Press Release
April 6, 2008

The people's sport

At least a billion people watch the quadrennial World Cup, the most watched athletic event.

With today's media technology capable of showing all games of the tournament live at every corner of the world, it seems football is the one thing that can unite people of different races and religions.

In Brazil, offices and schools shut down when their team has a match. It unites people whether in the glory of victory or the agony of defeat. South Korea and Japan have already made great strides in the sport, having participated in two successive World Cups. In most Southeast Asian countries, except for the Philippines, football is the national sport.

While the whole world is glued to football, we Filipinos look like the odd man out.

While football is the world's most popular sport, it is not the case here. Filipinos prefer basketball, a sport we have very little hope of excelling in. And even if we were to overtake China, the regional champion, we will definitely be unable to take on the Europeans and Americans. Height is still might.

Football, on the other hand, is something we can actually be good at. It is our natural sport. One does not need to be a six-footer. It is a game of skill, endurance and speed, all of which Filipino youth naturally possess.

Last February, a team of football coaches from the Andalusia, Spain-based Centro de Estudios, Desarollo e Investigación del Fútbol Andaluz (CEDIFA) held a 4-day training course at the Aurora National Science High School in Baler, Aurora upon the invitation of Senator Edgardo J. Angara. A similar course was conducted in Bago, Negros Occidental under the auspices of former Cong. Carlos O. Cojuangco.

The CEDIFA team was composed of football experts Francisco López Servio (director), Maor Rozen, Pablo Bombarelli García and Juan José Guerra Martín.

The course had the following modules: tactic (10 hours); technique (8 hours); sports training (12 hours); sports organization, rules of the game (3 hours); team management (3 hours) and video presentation, actual training (4 hours). CEDIFA also donated footballs, audiovisual materials and sports gear like shirts and vests.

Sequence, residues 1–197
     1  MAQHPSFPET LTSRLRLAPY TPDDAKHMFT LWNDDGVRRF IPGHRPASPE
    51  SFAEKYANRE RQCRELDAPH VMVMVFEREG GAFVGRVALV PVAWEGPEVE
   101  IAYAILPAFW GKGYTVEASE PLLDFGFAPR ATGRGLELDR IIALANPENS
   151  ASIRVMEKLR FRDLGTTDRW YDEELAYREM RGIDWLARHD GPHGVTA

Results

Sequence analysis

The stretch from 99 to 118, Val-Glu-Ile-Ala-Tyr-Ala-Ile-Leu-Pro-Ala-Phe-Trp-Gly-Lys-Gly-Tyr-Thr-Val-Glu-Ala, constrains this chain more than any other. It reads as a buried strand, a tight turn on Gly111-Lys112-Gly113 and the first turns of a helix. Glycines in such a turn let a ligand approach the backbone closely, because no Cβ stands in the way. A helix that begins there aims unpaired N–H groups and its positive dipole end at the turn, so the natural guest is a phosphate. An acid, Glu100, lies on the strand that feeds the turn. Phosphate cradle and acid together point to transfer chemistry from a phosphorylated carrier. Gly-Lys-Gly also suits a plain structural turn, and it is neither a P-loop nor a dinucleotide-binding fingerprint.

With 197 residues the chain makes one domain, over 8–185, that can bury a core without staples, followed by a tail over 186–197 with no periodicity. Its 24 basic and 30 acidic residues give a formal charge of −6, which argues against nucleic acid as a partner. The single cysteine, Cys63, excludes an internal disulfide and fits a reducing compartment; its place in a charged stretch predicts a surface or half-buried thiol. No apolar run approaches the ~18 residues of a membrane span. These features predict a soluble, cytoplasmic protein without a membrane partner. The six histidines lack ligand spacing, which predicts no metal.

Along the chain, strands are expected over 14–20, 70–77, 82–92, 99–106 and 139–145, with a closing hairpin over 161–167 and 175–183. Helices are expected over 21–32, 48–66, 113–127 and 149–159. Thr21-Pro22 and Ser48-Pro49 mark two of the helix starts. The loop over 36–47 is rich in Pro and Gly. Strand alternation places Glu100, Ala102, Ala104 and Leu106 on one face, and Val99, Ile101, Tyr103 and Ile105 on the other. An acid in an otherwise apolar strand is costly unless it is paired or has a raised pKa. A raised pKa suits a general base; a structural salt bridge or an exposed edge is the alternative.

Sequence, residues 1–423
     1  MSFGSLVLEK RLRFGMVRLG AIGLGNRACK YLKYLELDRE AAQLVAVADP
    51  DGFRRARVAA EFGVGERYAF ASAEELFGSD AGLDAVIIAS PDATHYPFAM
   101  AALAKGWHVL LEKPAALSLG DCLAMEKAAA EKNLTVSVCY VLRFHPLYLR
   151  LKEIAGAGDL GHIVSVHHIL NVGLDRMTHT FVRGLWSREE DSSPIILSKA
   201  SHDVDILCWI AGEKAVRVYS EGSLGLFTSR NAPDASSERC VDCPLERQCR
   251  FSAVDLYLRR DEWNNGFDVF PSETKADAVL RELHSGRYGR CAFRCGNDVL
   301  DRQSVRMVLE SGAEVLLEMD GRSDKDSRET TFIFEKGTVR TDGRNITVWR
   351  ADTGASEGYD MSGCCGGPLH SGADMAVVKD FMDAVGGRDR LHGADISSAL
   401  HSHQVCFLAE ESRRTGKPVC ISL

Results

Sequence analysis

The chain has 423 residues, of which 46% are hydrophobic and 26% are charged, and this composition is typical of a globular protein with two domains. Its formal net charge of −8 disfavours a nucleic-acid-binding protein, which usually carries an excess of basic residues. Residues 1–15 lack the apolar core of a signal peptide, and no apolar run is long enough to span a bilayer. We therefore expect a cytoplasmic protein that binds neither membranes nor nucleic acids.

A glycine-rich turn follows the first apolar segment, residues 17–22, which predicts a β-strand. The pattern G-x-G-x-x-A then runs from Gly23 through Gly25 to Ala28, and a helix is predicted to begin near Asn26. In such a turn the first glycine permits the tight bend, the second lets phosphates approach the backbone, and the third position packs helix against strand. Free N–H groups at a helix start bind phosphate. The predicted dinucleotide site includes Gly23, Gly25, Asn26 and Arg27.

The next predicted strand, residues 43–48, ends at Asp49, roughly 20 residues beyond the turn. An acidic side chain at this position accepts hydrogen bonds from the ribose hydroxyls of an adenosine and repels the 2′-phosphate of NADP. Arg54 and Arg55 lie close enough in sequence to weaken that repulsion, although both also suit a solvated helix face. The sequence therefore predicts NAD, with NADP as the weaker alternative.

Sixty elementary school students, 83 high school students and 32 coaches from the 8 municipalities of Aurora participated in the course.

After the course, the students competed against each other in the semi-finals. The winning teams then competed in the finals that were held in the afternoon. The Spanish coaches and their local counterparts also played in a friendly exhibition match.

The training course was capped by an awarding ceremony. Aurora Gov. Bellaflor Angara Castillo urged the students and coaches to take the sport seriously and pledged support in behalf of Senator Angara and Cong. Juan Edgardo Angara. The winning teams and best strikers and goalkeepers for the elementary and high school levels received medals from CEDIFA and trophies from Governor Castillo and Senator Angara.

Lopez, director of CEDIFA, has nothing but praises for the players. "They are agile, fast learners and have an innate talent for the sport. All it takes is to demonstrate the proper form and movement and the players pick it up quickly. Height poses no problem unlike in basketball."

In fact, the Aurora team won 2nd place for football in the regional meet, and is set to compete at the national meet of the Central Luzon Regional Atheletic Association (CLRAA) under DepEd in late April.

CEDIFA is pushing for the football training course to become a nationwide program. While in Manila, they met with National Economic Development Authority Deputy Director Rolando Tungpalan to present the proposed football project for the Philippines. According to DDG Tungpalan, the proposal is timely inasmuch as the medium-term plan of the Philippines is being reviewed. This includes the proposal to revive the cultural exchange program - education and sports being part of it - between the Philippines and Spain.

It's time our sports leaders took up this cause more vigorously and prominently. Football is one sport where we can easily excel, with the tremendous bonus of insulating our youth from the perils of drugs. If we devoted enough time, money and attention to the sport, the Philippines can become a soccer power.

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